class, status and roles
4. Social Deixis
Maike Ebert
Contents:
Social Deixis
1.
T/V Phenomenon
2.
Example Japanese
3.
Example Javanese
4.
Conclusion
5.
References
T/V Phenomenon
• described by Brown and Gilman
• best known type of social deixis
• refers to the phenomenon that in almost every
European language but also elsewhere second-person
singular pronouns are used
T/V Phenomenon
•
T from Latin tu, V from Latin vos
•
T form  informal
•
V form  formal
•
Two dimensions how to use the forms:
1. Power
2. Solidarity
T/V Phenomenon
Dimension of Power:
- One has power over another to degree to which one
can control or influence the behaviour of another
- Asymmetrical
- V form
- Inferior uses V form, Superior T form
- Expl. Teacher – Pupil
Employer – Employee
T/V Phenomenon
Dimension of Solidarity:
No asymmetry of power
Related to social roles
Two types:
1. equal and solidary  T form
2. equal and not solidary  V form
Japanese
-
Special class of words or grammatical morphemes,
whose sole function is to indicate social deixis among
the interlocutors or the referent of some participant in
the utterance.
-
These grammatical units are called honorifics
Japanese
Boku kare ni au yo
I
he meet
DAT
I’ll meet him

T form
Japanese
Watakushi kare ni aimas u
I
he
meet
DAT
I’ll meet him



V form
I changes in V form (boku  watakushi)
Mas is added (au  aimas)
Japanese
Referent honorifics:
-Deference is accorded by the speaker to the referent of a
nominal participant in her utterance
1.

Neutral, non-deferential form, used to a solidary or
inferior addressee
Sakai drew a map for Suzuki
Japanese
2. Both are equal to the speaker
 Mr Sakai drew a map for Mr Suzuki
3. Speaker is considerably lower in status than Sakai,
special subject honorific forms must be used to
indicate the relative high status entitlement
 Mr Sakai came to draw a map for Mr Suzuki
4. Significant status differential between Sakai and
Suzuki
 Mr Sakai did the drawing of a map for Mr Suzuki
Javanese
-
Most complex systems of honorifics, humbling,
expressions and polite speech form indicating
deference to the addressee
-
Two speech levels which exemplify lexical items for
most items of basic vocabulary
1.
Ngoko  T form
Krama  V form
2.
Javanese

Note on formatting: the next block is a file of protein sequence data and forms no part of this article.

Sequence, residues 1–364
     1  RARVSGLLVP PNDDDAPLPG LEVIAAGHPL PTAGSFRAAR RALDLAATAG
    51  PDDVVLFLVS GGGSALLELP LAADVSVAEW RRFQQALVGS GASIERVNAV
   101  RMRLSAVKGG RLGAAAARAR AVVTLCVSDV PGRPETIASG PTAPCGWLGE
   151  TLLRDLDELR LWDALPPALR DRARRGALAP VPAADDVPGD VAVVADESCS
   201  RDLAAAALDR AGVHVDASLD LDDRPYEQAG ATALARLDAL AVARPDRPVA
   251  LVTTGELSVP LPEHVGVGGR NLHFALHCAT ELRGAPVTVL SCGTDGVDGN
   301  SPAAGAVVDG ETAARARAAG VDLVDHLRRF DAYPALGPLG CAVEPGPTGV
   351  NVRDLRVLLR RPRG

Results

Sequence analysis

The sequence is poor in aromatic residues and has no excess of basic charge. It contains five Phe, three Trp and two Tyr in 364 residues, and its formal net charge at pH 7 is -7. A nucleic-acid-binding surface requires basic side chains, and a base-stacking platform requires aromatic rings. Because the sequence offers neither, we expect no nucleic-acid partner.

Ngoko: apa kowé njupuk sega semono
Krama: menapa panjenengan mendhet sekul semanten
 Will you take that much rice?
Javanese
Madya:
- Middle language
- Small vocabulary
- Disliked by nobility
- Used by speakers that can’t speak krama
- Krama-speakers mainly use it as an outgroup code
Javanese
Napa sempéyan mendhet sekul semonten
njupuk sega


Will you take that much rice?
Mixed form of both languages
Conclusion
5. Social Markers
Lukas Rott
Contents
1. Sociolinguistic Variables
2. Code Switching
3. Social Markers and Ethnicity
Sociolinguistic Variables

Definition:
- indexical linguistic feature present in most, if not all,
languages
Sociolinguistic Variables
-
A linguistic feature that shows statistically significant
variation along the lines of social variables (class, age,
sex…)
- Most commonly involves phonological variation, but can
involve any linguistic feature.
Example

Labov investigated differences in the phonetic
realization of the phoneme /r/ in postvocalic
position among speakers of New York City
English:
- two different realizations:
a) retroflection of the vowel = /r/ -ed variety
b) phoneme “r” is absent = /r/ -less variety

After World War II the first realization became
the standard pronunciation
Example

Labov’s research in three different New York City
department stores revealed that higher-class speakers
tend to pronounce the postvocalic /r/

lower- and working-class New Yorkers often leave out
the /r/ in postvocalic position
Code Switching

Code Switching is the shifting from one language or
variety of language to another in the course of verbal
interaction.
Example


Almost all adults in Yimas village (Papua New Guinea)
are bilingual.
They speak:
a) Tok Pisin: The major lingua franca of Papua New
Guinea
→ is used for political affairs, means modernity, lacks
intimacy, can show superiority
b) Yimas vernacular: carries social connotations of
traditional cultural patterns, intimate relations and local
conditions
→ shows solidarity, belonging
Diglossia
Diglossia is a language situation in which there is, in
addition to the primary dialect of the language, a very
divergent and extremely codified variety, which is
learned in formal education and is only used for written
and formal spoken purposes. It is basically the result of
an early codification of a language.
Example

In Cairo there are two different varieties of the Arabic
language:
- Classical Arabic of the Koran → prestigious variety,
predominantly a written language
- Colloquial Arabic → predominantly an oral language,
comprises several mutually unintelligible languages
Social Markers and Ethnicity

There is a strong relation between ethnicity/race and
language in many societies.

Code switching is very popular among the different
ethnic groups in hybrid countries
→ use of a shared local ethnic language is a claim to
solidarity
Example

Vernacular Black English is very different from Standard
American English:
- pronunciation is different in many cases (postvocalic /r/)
- grammatical differences ( 3rd pers. sg. present)
- different speech genres and styles of speaking
Conclusion

Languages have social markers: forms that differ
according to the social category one belongs to.

Good examples of social markers are sociolinguistic
variables, which is e.g. the difference in pronunciation of
postvocalic /r/ among New Yorkers of different social
classes.

Other social markers are code switching and diglossia in
which languages or varieties of languages are shifted to
index categories of status or solidarity